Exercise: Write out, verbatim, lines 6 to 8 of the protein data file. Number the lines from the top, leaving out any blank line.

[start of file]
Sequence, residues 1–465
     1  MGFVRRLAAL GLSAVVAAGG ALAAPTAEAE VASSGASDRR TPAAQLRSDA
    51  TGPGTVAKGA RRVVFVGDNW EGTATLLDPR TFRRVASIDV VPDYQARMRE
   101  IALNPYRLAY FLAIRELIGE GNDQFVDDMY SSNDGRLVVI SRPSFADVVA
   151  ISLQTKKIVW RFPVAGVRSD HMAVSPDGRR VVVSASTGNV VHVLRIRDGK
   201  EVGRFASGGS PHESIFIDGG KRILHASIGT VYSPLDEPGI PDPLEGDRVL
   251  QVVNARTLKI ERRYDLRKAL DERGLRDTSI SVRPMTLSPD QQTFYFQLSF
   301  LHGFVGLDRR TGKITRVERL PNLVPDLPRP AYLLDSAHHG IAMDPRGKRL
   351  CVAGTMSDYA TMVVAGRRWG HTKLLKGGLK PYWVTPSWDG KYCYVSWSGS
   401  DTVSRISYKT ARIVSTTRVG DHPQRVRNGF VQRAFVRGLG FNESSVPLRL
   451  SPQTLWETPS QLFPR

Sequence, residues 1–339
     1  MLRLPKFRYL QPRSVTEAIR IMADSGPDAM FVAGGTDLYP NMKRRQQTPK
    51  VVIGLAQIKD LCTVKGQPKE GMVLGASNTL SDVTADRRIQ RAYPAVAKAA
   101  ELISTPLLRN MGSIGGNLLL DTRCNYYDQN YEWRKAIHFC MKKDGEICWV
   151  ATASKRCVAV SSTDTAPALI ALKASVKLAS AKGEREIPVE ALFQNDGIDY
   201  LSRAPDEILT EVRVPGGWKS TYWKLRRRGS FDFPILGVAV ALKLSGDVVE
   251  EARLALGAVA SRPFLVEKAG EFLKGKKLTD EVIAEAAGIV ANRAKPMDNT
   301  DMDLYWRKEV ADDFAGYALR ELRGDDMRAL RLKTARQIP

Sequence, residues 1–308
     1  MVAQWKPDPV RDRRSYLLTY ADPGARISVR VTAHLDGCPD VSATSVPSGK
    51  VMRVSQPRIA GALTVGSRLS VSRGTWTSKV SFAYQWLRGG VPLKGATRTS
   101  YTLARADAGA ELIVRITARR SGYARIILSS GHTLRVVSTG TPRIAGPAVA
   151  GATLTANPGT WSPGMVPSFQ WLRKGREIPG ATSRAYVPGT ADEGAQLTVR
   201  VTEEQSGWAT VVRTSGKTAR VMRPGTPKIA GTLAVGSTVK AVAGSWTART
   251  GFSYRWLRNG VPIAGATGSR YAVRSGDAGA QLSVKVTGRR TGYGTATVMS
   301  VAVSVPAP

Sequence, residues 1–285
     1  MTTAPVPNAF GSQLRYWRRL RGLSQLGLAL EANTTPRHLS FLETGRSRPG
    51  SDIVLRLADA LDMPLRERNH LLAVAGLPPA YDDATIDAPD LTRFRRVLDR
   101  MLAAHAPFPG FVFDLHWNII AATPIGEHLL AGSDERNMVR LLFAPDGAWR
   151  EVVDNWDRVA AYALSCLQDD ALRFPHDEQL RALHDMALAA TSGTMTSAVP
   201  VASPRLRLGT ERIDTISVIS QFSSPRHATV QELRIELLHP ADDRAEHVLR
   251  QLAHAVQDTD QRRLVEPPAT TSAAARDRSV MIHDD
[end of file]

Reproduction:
   201  EVGRFASGGS PHESIFIDGG KRILHASIGT VYSPLDEPGI PDPLEGDRVL
   251  QVVNARTLKI ERRYDLRKAL DERGLRDTSI SVRPMTLSPD QQTFYFQLSF
   301  LHGFVGLDRR TGKITRVERL PNLVPDLPRP AYLLDSAHHG IAMDPRGKRL